I’m off to the 2001 Australian MoodleMoot next week. The conference program includes a collection of 3 minute show and tell sessions on the Tuesday afternoon. The following is a summary of what I think I’m going to talk about and a call for suggestions.
I’m starting to add all the associated resources with the presentation to this post.
Other resources/information around this idea include:
- A blog post introducing how curriculum mapping might work in Moodle.
- A detailed, draft grant proposal for a broader project around embedding mapping/alignment into a university.
This proposal includes a fairly long reference list which points to some of the literature that informed this idea.
The following video is a slightly extended version of the talk, using the same slides, recorded after the Moodlemoot.
The title of this post is probably going to be the title of the talk. From that you can assume that this is not a show and tell of something that is working, but instead a proposal of an idea. The aim is to find out if there are other people interested in this project or already working on something similar. The aim is to start a conversation. The talk is also request for interest (an RFI). I’m keen to hear from folk interested in working on this idea, especially in terms of a potential ALTC grant for next year.
The proposal is based on previous ideas posted here. At the core is the idea of how curriculum mapping might work in Moodle. However, the intent is to do much more than simply modify Moodle. The broader aim is to modify the environment and processes within which teaching academics work in order that consideration of alignment (be it constructive, instructional, curriculum or graduate attributes) is part of every day practice.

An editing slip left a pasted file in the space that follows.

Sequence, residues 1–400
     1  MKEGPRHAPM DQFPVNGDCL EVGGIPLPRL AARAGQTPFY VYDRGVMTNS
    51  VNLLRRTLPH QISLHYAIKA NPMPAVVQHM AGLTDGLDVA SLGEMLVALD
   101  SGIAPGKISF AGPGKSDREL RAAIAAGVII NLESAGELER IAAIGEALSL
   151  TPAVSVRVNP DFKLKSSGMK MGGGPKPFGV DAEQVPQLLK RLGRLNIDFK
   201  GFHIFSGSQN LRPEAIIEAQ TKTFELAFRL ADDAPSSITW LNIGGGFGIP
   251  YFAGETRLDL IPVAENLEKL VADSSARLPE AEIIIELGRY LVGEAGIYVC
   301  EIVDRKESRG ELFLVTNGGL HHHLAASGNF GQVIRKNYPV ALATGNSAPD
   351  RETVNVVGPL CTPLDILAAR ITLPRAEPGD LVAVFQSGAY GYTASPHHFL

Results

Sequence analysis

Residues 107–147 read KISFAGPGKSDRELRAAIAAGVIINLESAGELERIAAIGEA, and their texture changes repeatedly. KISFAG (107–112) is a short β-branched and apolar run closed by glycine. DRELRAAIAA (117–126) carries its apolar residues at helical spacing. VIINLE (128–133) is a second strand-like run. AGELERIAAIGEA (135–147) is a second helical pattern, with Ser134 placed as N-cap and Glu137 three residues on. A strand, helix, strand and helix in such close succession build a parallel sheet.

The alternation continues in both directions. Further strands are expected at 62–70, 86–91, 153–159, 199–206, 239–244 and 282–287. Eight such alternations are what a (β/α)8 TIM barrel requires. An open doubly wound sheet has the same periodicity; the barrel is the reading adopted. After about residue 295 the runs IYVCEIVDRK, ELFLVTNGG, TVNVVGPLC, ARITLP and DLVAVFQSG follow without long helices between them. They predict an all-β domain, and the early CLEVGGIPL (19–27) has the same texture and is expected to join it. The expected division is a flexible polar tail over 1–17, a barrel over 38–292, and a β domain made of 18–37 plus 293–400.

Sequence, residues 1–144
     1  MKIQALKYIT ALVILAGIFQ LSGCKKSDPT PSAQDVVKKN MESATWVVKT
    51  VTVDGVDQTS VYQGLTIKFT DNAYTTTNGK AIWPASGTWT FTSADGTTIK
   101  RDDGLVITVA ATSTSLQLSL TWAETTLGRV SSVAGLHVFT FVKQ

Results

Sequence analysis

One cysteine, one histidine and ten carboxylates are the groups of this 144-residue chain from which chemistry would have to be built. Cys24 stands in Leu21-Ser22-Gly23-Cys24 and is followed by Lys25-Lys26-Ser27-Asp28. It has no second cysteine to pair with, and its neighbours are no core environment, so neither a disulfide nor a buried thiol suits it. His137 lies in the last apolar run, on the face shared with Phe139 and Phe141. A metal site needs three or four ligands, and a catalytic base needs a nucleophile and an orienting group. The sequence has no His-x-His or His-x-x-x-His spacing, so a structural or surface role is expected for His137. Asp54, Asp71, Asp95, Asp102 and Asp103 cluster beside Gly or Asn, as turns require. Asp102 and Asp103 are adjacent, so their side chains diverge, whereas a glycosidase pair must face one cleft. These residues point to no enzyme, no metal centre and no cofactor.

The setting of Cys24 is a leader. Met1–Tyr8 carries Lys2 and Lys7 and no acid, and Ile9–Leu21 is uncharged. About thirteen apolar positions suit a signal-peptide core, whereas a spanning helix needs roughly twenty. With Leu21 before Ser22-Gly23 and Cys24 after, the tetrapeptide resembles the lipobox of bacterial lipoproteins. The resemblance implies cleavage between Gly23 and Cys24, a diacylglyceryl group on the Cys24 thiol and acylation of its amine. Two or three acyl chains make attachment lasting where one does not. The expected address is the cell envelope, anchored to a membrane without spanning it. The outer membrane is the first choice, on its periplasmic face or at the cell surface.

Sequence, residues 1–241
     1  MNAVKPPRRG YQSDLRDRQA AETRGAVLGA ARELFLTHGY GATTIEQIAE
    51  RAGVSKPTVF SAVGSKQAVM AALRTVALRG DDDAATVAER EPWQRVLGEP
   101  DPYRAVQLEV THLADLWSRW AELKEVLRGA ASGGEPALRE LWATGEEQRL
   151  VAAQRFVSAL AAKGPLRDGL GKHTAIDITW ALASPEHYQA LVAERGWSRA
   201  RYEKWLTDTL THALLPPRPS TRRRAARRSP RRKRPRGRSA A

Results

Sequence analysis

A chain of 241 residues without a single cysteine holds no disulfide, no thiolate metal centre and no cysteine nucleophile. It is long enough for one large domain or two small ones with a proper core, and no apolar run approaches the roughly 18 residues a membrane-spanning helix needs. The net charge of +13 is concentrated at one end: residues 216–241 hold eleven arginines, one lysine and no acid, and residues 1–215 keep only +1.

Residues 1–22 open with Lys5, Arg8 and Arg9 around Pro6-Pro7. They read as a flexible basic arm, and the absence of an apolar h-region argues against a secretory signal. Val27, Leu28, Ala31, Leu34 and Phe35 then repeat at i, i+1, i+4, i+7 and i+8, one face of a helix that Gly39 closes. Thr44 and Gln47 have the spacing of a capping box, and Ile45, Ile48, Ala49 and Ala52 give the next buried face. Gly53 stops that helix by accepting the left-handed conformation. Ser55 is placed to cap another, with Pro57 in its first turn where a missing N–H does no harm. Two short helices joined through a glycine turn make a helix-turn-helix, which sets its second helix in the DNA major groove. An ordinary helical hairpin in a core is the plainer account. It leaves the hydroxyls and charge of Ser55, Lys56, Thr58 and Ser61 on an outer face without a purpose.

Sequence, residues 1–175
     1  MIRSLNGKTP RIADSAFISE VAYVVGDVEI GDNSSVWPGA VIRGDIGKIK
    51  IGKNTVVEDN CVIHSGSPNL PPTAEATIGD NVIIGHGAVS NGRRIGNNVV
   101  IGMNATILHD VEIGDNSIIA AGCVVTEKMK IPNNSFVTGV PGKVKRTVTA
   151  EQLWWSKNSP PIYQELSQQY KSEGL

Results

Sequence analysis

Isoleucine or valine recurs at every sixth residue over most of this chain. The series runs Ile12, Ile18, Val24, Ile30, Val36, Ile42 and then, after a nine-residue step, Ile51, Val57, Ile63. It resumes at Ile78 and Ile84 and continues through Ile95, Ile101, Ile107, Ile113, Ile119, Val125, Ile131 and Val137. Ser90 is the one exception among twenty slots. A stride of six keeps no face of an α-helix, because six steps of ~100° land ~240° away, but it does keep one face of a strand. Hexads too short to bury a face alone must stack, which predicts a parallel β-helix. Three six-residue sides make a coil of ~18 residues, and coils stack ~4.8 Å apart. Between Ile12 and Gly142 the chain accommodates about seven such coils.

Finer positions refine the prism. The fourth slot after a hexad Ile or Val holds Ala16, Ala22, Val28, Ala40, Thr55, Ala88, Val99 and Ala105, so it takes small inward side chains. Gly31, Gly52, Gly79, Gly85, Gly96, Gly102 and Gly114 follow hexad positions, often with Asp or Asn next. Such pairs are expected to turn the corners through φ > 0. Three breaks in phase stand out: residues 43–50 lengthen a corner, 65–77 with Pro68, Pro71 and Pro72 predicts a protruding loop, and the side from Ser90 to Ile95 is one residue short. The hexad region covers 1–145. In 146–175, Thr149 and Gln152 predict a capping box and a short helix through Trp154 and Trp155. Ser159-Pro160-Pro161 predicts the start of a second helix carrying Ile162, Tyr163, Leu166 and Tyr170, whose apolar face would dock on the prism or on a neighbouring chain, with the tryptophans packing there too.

A more detailed description of this idea is available here. The rest of this is a written summary of what I think the 3 minute show and tell will cover next week at the Moot.
Within Australian Universities, the alignment of what happens within a course (sometimes known as a unit) against some outcomes or graduate attributes is becoming widespread, even standard practice. For example, there’s a presentation at the Moot with the title “Translating Learning Outcomes in Moodle”. This presentation draws on Bigg’s (1996) idea of constructive alignment, which is probably the most common, currently used concept of alignment. The push toward graduate attributes for everything is perhaps the other common application of alignment within Australian higher ed.
The Moot presentation identifies as a problem the difficulty of translating learning outcomes into an effective course design within an LMS. The problem which I’m interested is connected to this, but is also a little different. The problem I’m interested in is that the every day, regularly experience of an academic doesn’t require them to think about alignment. More broadly, the everyday experience of teaching academics doesn’t encourage nor enable them to think about learning and teaching from an educational perspective. Instead the focus on low level tasks like uploading documents because of the low-level of abstraction in most LMS.